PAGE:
How to Successfully Market Multi-Locations of a Franchise

Featured image by Alec Favale from Unsplash

Buying a franchise is a lucrative venture that allows entrepreneurs to enjoy the independence of owning small businesses while benefiting from the support of more prominent brands and their more extensive networks. As a franchise owner, you already have an established reputation from the onset. Most franchisors train their franchisees on how to operate their business models. So, a person with little or no business experience can run a franchise successfully. 

However, marketing your business as a franchise owner can be very challenging. It can be difficult when you operate in different locations simultaneously. This is because there are various factors that matter in your marketing that you’ll have to take into consideration. You must think about the marketing at the corporate level, that is, the marketing done by the franchisors. Also, you’ll need to consider the unique factors that are important for your local stores based on the independent ideas that your store managers bring. 

Your marketing has to bring all these variables together. If done, you’ll be in sync with the corporate-level marketing and the unique needs of the different areas your store is located. This will help you connect with the local customers and talk to a large, broad audience at the same time. The following tips will help you balance the unique set of challenges with multi-location franchise marketing and maximize your marketing campaigns to yield the best outcomes.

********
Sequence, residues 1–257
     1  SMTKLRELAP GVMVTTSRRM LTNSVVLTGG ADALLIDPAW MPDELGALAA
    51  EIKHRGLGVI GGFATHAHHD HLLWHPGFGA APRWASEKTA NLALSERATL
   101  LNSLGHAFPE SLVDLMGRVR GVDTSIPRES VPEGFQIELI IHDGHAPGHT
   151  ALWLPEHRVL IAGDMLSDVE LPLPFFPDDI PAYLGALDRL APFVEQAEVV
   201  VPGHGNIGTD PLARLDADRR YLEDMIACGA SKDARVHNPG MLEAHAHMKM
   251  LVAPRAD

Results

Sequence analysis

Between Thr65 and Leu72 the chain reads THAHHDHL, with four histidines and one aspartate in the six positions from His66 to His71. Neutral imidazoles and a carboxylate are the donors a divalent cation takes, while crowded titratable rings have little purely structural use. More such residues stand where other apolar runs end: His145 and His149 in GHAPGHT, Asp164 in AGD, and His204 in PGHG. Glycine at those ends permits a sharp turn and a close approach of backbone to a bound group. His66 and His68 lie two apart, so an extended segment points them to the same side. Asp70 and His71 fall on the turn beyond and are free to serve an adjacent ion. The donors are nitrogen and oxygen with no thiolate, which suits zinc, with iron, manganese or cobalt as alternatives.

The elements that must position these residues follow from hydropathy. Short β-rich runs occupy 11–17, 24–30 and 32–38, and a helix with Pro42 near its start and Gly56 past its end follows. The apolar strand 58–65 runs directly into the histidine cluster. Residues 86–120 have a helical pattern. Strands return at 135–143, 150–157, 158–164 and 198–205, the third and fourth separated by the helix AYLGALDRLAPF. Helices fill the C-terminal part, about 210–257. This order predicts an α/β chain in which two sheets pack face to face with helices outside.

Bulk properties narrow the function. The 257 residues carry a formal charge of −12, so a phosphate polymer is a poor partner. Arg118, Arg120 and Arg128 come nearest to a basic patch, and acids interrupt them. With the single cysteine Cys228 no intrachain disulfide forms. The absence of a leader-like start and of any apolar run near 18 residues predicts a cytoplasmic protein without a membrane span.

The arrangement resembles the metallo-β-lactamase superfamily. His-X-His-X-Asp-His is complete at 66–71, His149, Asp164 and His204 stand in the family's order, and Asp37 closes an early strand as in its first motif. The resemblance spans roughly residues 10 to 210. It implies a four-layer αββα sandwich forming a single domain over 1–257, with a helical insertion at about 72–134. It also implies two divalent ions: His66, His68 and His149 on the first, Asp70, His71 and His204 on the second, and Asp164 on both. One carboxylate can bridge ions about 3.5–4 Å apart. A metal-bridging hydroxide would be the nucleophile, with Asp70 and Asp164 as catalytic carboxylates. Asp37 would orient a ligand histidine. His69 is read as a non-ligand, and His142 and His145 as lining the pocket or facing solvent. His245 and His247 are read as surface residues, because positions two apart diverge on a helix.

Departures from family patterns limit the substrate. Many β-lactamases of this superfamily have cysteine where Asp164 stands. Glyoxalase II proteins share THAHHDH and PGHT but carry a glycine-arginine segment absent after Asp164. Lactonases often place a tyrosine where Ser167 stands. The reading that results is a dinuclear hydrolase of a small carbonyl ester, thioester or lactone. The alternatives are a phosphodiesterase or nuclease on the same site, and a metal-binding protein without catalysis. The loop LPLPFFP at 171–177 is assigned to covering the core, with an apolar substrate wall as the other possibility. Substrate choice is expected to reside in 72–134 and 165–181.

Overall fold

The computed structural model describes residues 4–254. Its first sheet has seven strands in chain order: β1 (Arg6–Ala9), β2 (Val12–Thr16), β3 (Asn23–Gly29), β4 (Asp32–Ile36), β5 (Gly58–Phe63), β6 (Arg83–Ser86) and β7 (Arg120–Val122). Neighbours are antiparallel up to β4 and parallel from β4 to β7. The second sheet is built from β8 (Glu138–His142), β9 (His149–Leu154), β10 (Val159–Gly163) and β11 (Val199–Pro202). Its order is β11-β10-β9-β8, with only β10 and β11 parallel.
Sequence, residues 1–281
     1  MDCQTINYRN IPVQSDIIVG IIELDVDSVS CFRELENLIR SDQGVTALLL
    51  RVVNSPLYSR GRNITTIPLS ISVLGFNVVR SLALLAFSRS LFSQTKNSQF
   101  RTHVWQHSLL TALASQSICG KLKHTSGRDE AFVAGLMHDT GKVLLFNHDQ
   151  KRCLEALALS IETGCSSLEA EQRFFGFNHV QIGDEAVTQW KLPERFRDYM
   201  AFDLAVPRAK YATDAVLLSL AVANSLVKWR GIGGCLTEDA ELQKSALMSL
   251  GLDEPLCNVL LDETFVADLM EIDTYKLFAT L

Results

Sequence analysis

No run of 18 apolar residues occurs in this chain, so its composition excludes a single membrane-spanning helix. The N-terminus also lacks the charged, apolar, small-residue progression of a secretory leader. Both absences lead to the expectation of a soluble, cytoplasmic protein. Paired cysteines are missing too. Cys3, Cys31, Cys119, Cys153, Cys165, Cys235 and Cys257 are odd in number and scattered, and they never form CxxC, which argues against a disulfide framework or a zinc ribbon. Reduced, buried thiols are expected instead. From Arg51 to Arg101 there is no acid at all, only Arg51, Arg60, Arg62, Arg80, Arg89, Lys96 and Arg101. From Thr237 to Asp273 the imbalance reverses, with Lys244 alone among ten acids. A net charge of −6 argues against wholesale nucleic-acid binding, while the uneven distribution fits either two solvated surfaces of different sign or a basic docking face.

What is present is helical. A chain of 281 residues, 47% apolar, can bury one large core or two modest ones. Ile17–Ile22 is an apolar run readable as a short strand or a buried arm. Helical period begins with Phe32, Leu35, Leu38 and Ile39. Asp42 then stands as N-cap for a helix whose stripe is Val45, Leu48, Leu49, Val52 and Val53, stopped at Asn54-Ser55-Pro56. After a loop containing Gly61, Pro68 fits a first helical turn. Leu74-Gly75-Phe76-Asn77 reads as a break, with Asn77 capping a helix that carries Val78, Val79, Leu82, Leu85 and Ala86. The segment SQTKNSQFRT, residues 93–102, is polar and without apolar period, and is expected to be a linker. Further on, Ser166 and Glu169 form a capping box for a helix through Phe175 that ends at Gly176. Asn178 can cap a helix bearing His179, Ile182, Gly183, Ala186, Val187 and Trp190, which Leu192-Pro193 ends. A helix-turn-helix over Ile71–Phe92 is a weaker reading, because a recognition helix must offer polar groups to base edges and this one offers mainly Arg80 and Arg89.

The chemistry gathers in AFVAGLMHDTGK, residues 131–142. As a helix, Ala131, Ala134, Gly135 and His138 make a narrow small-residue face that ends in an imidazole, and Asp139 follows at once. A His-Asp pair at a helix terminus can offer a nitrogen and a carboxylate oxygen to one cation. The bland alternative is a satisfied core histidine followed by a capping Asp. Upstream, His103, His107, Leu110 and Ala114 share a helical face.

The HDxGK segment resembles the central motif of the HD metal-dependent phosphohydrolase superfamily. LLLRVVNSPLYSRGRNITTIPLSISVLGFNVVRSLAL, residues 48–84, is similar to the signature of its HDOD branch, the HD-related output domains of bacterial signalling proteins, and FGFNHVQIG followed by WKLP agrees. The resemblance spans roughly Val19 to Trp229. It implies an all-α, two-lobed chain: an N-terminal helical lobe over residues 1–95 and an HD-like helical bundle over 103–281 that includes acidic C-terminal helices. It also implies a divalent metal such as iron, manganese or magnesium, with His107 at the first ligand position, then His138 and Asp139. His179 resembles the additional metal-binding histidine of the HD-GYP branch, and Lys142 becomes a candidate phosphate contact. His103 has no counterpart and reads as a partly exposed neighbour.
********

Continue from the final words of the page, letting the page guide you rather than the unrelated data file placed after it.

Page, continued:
1. Develop a Central Brand Guide

A brand guide is an instruction manual on how your brand should be communicated. It should specify every aspect of the appearance and feel of your brand (brand identity) and outline the standards required to represent your brand correctly both externally and internally. Whether or not you have one person handling or managing the marketing of all your franchise locations, it’s essential you have a central brand guide.